History of the Philippines (900–1521)

History of the Philippines
Geographical range Southeast Asia
Period Iron Age, High Middle Ages
Dates c.900–1521
Major sites Tondo, Madja-as, Butuan, Cebu, Sulu, Maguindanao, Limestone Tombs complex, Idjang citadels
Preceded by Prehistory of the Philippines
Followed by Colonial era

This article covers the history of the Philippines from the creation of the Laguna Copperplate Inscription in 900 to the arrival of European explorer Ferdinand Magellan in 1521, which marks the beginning of the Spanish Colonial period.

The Laguna Copperplate Inscription (LCI) is the first written document found in a Philippine language. The inscription itself identifies the date of its creation as the year 900. Prior to its discovery in 1989, the earliest record of the Philippine Islands corresponded with the arrival of Ferdinand Magellan in 1521. The discovery of the LCI thus extended the record of Philippine history back by 600 years.[1][2] After 900, the early history of territories and nation-states prior to being present-day Philippines is known through archeological[3] findings and records of contacts with other civilizations such as Song Dynasty and the Bruneian Empire.

The Laguna Copperplate Inscription and its context (c. 900)

Laguna Copperplate Inscription (c. 900)

In January 1990, the Laguna Copperplate, then just a thin piece of crumpled and blackened metal, was offered for sale to and was acquired by the National Museum of the Philippines after previous efforts to sell it to the world of antiques had been unsuccessful. On examination, it was found to measure about 20 cm square and to be fully covered on one side with an inscription in ten lines of finely written characters. Antoon Postma deciphered the text and discovered that it identified the date of its creation as the "Year of Sakya 822, month of Vaisakha." According to Jyotisha (Hindu astronomy), this corresponded with the year 900. Prior to the deciphering of the LCI, Philippine history was traditionally considered to begin at 1521, with the arrival of Magellan and his chronicler, Antonio Pigafetta. History could not be derived from pre-colonial records because such records typically did not survive: most of the writing was done on perishable bamboo or leaves. Furthermore, zealous Spanish Christian missionaries burnt whole libraries of documents considered pagan. Because the deciphering of the LCI made it out to be the earliest written record of the islands that would later become the Philippines, the LCI reset the traditional boundaries between Philippine history and prehistory, placing the demarcation line at least 600 years earlier.[1][4]

The inscription forgives the descendants of Namwaran from a debt of 926.4 grams of gold, and is granted by the chief of Tondo (an area in Manila) and the authorities of Paila, Binwangan and Pulilan, which are all locations in Luzon. The words are a mixture of mostly Sanskrit along with some Old Malay, Old Javanese and Old Tagalog. The subject matter proves conclusively that a developed society with traders, rulers and international trading existed in the Philippines prior to the Spanish colonization. The references to the Chief of Medang Kingdom in Indonesia imply that there were cultural and trade links with empires and territories in other parts of Maritime Southeast Asia, particularly Srivijaya. The copperplate indicate the presence of writing and of written records at the time, and the earliest proof of Philippines language.[1]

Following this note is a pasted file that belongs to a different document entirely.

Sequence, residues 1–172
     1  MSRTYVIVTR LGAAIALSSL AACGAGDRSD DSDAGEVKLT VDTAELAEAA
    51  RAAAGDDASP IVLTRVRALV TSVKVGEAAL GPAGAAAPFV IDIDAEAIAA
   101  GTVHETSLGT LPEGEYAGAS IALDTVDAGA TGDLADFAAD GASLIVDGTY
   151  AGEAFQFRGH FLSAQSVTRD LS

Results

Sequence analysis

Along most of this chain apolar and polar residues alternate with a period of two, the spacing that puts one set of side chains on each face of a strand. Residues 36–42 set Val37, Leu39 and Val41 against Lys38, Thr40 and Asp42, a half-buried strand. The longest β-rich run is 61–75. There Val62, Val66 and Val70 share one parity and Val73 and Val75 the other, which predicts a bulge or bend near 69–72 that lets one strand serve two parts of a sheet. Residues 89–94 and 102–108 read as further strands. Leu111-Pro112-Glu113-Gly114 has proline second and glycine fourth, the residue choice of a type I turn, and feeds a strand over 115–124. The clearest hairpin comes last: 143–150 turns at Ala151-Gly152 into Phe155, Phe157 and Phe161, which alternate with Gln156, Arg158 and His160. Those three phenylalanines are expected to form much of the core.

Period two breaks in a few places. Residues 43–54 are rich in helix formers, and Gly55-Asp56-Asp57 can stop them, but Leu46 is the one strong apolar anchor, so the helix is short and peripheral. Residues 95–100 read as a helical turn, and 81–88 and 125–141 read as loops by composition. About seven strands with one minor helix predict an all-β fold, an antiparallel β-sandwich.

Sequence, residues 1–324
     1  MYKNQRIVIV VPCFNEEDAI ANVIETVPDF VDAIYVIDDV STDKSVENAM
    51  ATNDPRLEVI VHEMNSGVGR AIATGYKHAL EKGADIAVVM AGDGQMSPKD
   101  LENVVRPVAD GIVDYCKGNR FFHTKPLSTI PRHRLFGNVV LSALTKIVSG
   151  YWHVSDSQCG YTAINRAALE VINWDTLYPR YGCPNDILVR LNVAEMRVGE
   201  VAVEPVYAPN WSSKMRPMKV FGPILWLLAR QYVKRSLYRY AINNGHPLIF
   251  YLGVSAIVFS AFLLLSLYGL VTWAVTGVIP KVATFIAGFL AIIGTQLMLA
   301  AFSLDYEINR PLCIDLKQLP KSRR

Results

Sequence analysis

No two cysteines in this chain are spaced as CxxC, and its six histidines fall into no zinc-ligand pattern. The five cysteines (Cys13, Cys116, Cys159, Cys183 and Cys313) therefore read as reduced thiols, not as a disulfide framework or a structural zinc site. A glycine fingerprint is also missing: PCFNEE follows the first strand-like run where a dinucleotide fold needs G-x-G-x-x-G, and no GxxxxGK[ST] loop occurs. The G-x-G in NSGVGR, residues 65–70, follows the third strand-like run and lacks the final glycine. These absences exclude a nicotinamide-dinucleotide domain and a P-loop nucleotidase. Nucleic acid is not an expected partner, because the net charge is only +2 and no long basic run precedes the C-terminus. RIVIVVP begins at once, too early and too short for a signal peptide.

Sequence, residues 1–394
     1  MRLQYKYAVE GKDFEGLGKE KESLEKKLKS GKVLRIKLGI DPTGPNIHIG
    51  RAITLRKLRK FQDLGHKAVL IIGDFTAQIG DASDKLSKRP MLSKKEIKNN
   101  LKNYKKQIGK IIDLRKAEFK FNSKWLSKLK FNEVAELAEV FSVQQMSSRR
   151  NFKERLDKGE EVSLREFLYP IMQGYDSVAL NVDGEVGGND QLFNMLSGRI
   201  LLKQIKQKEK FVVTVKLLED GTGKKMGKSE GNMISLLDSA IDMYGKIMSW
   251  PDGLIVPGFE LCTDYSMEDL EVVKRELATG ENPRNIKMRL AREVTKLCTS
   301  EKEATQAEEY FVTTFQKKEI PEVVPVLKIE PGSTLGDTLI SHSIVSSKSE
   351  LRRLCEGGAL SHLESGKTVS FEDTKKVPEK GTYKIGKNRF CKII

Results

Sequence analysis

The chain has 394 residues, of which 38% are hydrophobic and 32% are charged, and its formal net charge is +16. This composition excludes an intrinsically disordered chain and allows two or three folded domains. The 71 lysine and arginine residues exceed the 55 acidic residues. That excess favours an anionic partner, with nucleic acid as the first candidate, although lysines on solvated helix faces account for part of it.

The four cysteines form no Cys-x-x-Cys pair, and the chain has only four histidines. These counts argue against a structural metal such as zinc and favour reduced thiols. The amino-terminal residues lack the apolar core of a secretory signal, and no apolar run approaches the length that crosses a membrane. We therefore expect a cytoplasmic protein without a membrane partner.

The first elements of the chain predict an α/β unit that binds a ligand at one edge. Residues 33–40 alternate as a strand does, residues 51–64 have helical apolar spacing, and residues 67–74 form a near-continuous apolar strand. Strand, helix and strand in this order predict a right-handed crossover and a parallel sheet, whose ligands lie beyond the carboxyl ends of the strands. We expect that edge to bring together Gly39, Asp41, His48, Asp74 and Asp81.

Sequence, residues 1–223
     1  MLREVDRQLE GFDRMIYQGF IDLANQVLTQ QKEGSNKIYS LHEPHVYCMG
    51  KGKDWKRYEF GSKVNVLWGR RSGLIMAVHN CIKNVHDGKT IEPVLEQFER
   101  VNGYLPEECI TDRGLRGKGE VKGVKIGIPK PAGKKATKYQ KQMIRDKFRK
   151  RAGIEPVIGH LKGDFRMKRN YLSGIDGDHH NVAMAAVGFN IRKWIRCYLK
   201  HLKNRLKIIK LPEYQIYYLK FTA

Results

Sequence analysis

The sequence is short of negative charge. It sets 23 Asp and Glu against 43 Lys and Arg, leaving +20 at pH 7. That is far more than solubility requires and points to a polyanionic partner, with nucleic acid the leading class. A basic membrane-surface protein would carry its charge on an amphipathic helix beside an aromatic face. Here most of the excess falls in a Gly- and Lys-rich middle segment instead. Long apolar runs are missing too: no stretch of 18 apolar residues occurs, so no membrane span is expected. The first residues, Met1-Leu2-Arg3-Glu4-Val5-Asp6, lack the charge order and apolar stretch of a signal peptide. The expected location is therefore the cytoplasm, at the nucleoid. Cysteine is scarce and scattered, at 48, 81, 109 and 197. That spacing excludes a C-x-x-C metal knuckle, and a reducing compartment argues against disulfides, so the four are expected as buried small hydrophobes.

Barangay city-states and Thalassocracy

Further information: Ancient barangay

Since at least the 3rd century, the indigenous peoples were in contact with other Southeast Asian and East Asian nations.

A Tagalog couple of the Maginoo nobility caste depicted in the Boxer Codex of the 16th Century.

Fragmented ethnic groups established several chiefdoms formed by the assimilation of several small political units known as barangay each headed by a Datu, who was then answerable to a Rajah, who headed the city state. Each barangay consisted of about 100 families. Some barangays were big, such as Zubu (Cebu), Butuan, Maktan (Mactan), Irong-Irong (Iloilo), Bigan (Vigan), and Selurong (Manila). Each of these big barangays had a population of more than 2,000.

By the 14th century, there was a group of tribes organized thru strict social classes: The Datu or ruling class, the Maharlika or noblemen, the Timawa or freemen, and the dependent class which is divided into two, the Aliping Namamahay (Serfs) and Aliping Saguiguilid (Slaves).

In the earliest times, the items which were prized by the people included jars, which were a symbol of wealth throughout South Asia, and later metal, salt and tobacco. In exchange, the people would trade feathers, rhino horn, hornbill beaks, beeswax, birds nests, resin and rattan.

Emergence of Baybayin and related scripts (1200 onwards)

Main article: Baybayin
Butuan Ivory Seal
The "Butuan Ivory Seal" - The Kawi script lettering says "But-wan" and the smaller lettering (similar to Baybayin) says "Bu-wa" (Diacritics for the "Wan/Ban" in Kawi and "Bu/Ba" in the smaller letters have worn off)
The Baybayin